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Antimicrob Agents Chemother. 2014 Jun;58(6):3441-50. doi: 10.1128/AAC.02652-13. Epub 2014 Apr 7.

Molecular and epidemiological characterization of IMP-type metallo-β-lactamase-producing Enterobacter cloacae in a Large tertiary care hospital in Japan.

Author information

1
Disease Control and Prevention Center, National Center for Global Health and Medicine, Tokyo, Japan kayokohayakawa@gmail.com.
2
Department of Infectious Diseases, Research Institute, National Center for Global Health and Medicine, Tokyo, Japan.
3
Disease Control and Prevention Center, National Center for Global Health and Medicine, Tokyo, Japan Department of Infectious Diseases, Research Institute, National Center for Global Health and Medicine, Tokyo, Japan.
4
Microbiology Laboratory, National Center for Global Health and Medicine, Tokyo, Japan.
5
Infection Control and Prevention, National Center for Global Health and Medicine, Tokyo, Japan.
6
Disease Control and Prevention Center, National Center for Global Health and Medicine, Tokyo, Japan.

Abstract

IMP-type metallo-β-lactamase enzymes have been reported in different geographical areas and in various Gram-negative bacteria. However, the risk factors and epidemiology pertaining to IMP-type metallo-β-lactamase-producing Enterobacter cloacae (IMP-producing E. cloacae) have not been systematically evaluated. We conducted a retrospective, matched case-control study of patients from whom IMP-producing E. cloacae isolates were obtained, in addition to performing thorough molecular analyses of the clinically obtained IMP-producing E. cloacae isolates. Unique cases with IMP-producing E. cloacae isolation were included. Patients with IMP-producing E. cloacae were matched to uninfected controls at a ratio of 1 to 3. Fifteen IMP-producing E. cloacae cases were identified, with five of the isolates being obtained from blood, and they were matched to 45 uninfected controls. All (100%) patients from whom IMP-producing E. cloacae isolates were obtained had indwelling devices at the time of isolation, compared with one (2.2%) uninfected control. Independent predictors for isolation of IMP-producing E. cloacae were identified as cephalosporin exposure and invasive procedures within 3 months. Although in-hospital mortality rates were similar between cases and controls (14.3% versus 13.3%), the in-hospital mortality of patients with IMP-producing E. cloacae-caused bacteremia was significantly higher (40%) than the rate in controls. IMP-producing E. cloacae isolates were frequently positive for other resistance determinants. The MICs of meropenem and imipenem were not elevated; 10 (67%) and 12 (80%) of the 15 IMP-producing E. cloacae isolates had a MIC of ≤ 1 μg/ml. A phylogenetic tree showed a close relationship among the IMP-producing E. cloacae samples. Indwelling devices, exposure to cephalosporin, and a history of invasive procedures were associated with isolation of IMP-producing E. cloacae. Screening for carbapenemase production is important in order to apply appropriate clinical management and infection control measures.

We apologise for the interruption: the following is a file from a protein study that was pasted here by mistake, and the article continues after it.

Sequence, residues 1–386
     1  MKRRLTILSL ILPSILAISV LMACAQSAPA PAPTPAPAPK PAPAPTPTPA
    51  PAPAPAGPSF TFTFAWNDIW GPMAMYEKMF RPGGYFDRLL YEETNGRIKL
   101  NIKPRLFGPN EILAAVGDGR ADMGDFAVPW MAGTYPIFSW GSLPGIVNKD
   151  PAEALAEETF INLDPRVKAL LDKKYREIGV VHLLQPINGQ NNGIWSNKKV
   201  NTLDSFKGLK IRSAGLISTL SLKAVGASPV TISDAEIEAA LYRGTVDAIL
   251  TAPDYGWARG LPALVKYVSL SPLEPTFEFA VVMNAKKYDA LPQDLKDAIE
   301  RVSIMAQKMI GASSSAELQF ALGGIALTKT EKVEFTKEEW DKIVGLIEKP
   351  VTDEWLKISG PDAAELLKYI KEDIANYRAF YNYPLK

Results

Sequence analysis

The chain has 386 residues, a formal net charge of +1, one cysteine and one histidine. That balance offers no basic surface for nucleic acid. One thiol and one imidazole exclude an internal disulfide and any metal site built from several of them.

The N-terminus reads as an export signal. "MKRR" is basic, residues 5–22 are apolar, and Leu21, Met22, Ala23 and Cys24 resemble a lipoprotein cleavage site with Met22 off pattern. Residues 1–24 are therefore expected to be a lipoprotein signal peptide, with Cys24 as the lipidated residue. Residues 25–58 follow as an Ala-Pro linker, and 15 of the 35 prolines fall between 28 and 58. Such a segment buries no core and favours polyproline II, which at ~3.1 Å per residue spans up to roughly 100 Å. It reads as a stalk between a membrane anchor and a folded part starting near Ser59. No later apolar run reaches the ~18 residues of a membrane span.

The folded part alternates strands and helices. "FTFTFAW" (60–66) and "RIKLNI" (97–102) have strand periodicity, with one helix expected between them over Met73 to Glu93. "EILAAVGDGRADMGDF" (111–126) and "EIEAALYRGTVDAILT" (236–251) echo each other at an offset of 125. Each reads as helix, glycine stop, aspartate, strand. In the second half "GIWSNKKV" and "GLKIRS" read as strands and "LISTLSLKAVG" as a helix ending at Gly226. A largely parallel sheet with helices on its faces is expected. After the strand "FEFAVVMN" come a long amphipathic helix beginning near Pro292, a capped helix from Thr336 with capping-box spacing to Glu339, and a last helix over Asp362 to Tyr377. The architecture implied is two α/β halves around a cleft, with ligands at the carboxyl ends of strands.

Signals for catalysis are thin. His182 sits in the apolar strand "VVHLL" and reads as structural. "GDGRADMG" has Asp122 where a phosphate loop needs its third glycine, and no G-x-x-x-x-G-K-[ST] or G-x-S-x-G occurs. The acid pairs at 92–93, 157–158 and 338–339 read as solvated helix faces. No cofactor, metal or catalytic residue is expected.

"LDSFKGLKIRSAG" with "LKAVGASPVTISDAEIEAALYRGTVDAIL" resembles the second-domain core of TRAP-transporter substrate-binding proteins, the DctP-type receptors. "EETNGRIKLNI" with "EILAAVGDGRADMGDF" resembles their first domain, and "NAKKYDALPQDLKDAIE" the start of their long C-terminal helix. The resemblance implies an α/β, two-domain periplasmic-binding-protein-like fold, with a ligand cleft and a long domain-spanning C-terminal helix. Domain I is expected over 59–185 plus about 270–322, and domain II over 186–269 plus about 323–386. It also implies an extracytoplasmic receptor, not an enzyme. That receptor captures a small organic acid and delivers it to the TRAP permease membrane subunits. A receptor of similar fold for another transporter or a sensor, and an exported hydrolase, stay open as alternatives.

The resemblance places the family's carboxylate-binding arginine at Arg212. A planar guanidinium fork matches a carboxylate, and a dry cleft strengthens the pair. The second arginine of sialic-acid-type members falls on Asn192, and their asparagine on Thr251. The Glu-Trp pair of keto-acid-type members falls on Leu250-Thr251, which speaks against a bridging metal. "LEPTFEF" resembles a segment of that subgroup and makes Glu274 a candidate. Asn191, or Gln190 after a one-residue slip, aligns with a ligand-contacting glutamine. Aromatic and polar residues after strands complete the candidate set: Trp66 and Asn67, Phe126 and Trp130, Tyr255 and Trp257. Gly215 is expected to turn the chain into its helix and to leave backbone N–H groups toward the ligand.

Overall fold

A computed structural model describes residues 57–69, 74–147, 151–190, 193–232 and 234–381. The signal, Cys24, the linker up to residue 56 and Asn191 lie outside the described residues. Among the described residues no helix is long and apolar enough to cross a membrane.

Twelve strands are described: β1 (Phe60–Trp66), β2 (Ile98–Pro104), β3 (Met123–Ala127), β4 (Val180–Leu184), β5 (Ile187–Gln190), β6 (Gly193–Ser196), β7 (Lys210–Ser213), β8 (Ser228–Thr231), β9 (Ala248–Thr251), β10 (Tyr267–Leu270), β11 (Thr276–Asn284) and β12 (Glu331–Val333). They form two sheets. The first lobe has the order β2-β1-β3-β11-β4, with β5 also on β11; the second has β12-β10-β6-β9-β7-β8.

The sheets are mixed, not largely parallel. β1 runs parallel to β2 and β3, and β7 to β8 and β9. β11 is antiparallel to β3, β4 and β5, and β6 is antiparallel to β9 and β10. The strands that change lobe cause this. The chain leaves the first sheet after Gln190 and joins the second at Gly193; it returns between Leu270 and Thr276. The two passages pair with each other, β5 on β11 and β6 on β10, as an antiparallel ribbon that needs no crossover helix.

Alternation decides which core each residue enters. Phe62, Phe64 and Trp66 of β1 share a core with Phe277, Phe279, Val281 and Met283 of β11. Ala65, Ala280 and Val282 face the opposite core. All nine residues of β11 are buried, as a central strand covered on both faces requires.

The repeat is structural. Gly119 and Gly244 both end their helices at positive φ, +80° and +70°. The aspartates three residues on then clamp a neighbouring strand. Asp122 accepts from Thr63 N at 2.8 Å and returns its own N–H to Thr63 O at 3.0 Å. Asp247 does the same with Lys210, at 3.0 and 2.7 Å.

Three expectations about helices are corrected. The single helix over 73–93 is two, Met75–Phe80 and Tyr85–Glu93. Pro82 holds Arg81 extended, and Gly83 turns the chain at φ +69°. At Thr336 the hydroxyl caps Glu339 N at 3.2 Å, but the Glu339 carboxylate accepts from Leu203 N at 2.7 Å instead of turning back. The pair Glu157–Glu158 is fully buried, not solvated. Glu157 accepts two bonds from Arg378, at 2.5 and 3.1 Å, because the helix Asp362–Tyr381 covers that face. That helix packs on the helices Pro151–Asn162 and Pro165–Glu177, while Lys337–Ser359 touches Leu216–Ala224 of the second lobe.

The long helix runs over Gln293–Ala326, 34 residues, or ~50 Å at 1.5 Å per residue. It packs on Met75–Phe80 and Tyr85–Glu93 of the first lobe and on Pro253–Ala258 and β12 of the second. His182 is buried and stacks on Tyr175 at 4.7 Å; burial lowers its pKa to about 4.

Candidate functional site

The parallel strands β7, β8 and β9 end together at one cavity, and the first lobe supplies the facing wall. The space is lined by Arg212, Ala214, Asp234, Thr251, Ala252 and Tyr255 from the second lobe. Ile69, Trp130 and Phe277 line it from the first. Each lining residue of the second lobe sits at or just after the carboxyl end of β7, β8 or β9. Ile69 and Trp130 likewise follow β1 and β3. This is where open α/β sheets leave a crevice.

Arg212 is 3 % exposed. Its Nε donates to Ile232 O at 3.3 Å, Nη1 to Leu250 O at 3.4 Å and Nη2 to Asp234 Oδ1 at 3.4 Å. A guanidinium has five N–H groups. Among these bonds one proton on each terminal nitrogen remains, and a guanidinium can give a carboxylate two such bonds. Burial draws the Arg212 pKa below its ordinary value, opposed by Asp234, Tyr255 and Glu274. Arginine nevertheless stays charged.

PMID:
24709261
PMCID:
PMC4068452
DOI:
10.1128/AAC.02652-13
[Indexed for MEDLINE]
Free PMC Article

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